There is nothing more beguiling than the Ocean. The sound of the waves weave a magical song for those that choose to listen. However, there are things that haunt deep waters. (Which is why I don’t go in the ocean…knowing my luck I would get eaten by a shark or something). However, for tens of thousands of years people have flocked to these bodies of water that cover most of the earth. I always wondered what we were looking for. I would imagine it is similar to what modern humans are seeking at the beach minus the cocktails. There is one piece of folklore that seems to remain constant even today…and that is mer people. One of the highest watched shows ever on The Animal Plant was a mockumentary about mer people. Even today there are still sightings of mer people. What I really and truly enjoy about this piece of folklore is that it isn’t just a western phenomenon. All over the world there are mer people sightings. One of the most popular stories about mer people is the story of The Little Mermaid by Hans Christian Anderson, but there are so so many other stories about mer people. Now we can add All the Murmuring Bones by A.G. Slatter to that list.
A HUGE THANKS to Titan Books for sending me a review copy!!!
Synopsis: A girl whose family fortune has been lost takes to an adventure to find her past before her present becomes her prison.
My Thoughts: I always love when the backbone of a story is hinged on folklore. Especially, when that folklore is so well known throughout the world. Personally, I think that it makes the story so much more accessible to readers worldwide. Slatter really hit the nail on the head in regards to the Mer people and the stories which surround them. This story is truly grounded in fairytale. From the family whose fortune was made and lost at sea to the damsel saving herself. I enjoyed the backbone of the story and I am so very glad that the mer people were left alone, in the respect that Slatter didn’t try to make them pretty or ethereal. They were true to form and dangerous. I am so glad Slatter wrote the mer people exactly the same way that they are in folktales. The damsel and the other characters were really well written. One of the best things about this story was that the damsel didn’t wait to see what fate awaited her. She took her fate into her own hands. That for me was the most important part. It is like taking back many hundreds of years of the damsel being saved instead of saving herself. There was one character I wanted to know more about however, their backstory wasn’t explored. The ending felt a bit rushed to me, but the pacing of the rest of the story was spot on for me. One aspect of the story I really appreciated was that the world that Slatter created had it’s own folktales, which were rooted in our world folktales. That was perfect….it was a beautiful melding of the two worlds.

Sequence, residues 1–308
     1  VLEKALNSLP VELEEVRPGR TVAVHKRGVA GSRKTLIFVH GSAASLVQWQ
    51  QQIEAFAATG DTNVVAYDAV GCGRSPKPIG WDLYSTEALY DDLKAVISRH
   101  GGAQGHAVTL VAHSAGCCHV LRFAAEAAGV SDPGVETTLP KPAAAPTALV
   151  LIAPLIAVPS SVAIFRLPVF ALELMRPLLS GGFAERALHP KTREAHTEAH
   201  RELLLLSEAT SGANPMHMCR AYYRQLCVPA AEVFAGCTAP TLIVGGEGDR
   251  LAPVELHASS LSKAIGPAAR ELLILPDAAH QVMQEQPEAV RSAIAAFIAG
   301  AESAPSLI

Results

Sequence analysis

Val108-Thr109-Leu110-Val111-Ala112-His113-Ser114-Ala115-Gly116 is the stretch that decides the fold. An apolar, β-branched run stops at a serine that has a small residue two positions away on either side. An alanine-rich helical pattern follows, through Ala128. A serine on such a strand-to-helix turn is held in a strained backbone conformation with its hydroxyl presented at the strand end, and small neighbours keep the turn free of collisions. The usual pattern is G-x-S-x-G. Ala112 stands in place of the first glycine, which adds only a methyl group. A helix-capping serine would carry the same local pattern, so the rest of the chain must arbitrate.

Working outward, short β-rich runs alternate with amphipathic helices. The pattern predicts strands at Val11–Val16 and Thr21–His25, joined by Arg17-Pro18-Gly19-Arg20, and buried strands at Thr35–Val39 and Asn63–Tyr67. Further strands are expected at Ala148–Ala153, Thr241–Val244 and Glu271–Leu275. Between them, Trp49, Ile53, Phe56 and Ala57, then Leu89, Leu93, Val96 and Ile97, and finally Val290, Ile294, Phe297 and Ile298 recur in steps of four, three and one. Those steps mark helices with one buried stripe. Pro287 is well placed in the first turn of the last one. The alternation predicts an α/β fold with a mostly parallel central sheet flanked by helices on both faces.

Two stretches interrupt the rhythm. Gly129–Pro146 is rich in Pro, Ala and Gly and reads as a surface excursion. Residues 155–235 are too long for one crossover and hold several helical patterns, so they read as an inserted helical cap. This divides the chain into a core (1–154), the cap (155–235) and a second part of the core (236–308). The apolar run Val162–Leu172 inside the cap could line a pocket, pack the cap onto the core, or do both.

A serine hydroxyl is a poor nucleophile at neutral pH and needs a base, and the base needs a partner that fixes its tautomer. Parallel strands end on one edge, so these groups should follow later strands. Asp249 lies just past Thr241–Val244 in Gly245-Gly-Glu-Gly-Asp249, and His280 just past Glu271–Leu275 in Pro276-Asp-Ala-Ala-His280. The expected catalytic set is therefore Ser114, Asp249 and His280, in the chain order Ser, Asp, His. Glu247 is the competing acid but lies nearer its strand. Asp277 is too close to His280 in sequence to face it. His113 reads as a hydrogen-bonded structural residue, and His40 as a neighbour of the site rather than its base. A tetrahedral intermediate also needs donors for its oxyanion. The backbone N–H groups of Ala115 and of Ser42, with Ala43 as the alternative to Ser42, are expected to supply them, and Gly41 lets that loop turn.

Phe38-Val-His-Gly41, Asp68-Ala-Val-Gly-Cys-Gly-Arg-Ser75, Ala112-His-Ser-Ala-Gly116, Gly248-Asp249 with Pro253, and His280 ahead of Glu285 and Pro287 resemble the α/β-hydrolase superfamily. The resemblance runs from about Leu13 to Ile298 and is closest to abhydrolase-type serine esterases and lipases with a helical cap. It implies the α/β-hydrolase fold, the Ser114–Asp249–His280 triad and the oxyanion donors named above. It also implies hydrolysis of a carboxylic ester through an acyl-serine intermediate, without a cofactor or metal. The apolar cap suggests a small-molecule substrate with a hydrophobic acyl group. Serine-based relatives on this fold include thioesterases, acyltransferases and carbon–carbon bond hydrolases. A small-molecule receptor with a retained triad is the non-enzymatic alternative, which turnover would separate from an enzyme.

About A.G. Slatter:
Angela Slatter is the author of the urban fantasy novels Vigil (2016) and Corpselight (2017), as well as eight short story collections, including The Girl with No Hands and Other Tales, Sourdough and Other Stories, The Bitterwood Bible and Other Recountings, and A Feast of Sorrows: Stories. She has won a World Fantasy Award, a British Fantasy Award, a Ditmar, and six Aurealis Awards.
Angela’s short stories have appeared in Australian, UK and US Best Of anthologies such The Mammoth Book of New Horror, The Year’s Best Dark Fantasy and Horror, The Best Horror of the Year, The Year’s Best Australian Fantasy and Horror, and The Year’s Best YA Speculative Fiction. Her work has been translated into Bulgarian, Russian, Spanish, Japanese, Polish, and Romanian. Victoria Madden of Sweet Potato Films (The Kettering Incident) has optioned the film rights to one of her short stories.
She has an MA and a PhD in Creative Writing, is a graduate of Clarion South 2009 and the Tin House Summer Writers Workshop 2006, and in 2013 she was awarded one of the inaugural Queensland Writers Fellowships. In 2016 Angela was the Established Writer-in-Residence at the Katharine Susannah Prichard Writers Centre in Perth.
Her novellas, Of Sorrow and Such (from Tor.com), and Ripper (in the Stephen Jones anthology Horrorology, from Jo Fletcher Books) were released in October 2015.
The third novel in the Verity Fassbinder series, Restoration, will be released in 2018 by Jo Fletcher Books (Hachette International). She is represented by Ian Drury of the literary agency Sheil Land for her long fiction, by Lucy Fawcett of Sheil Land for film rights, and by Alex Adsett of Alex Adsett Publishing Services for illustrated storybooks.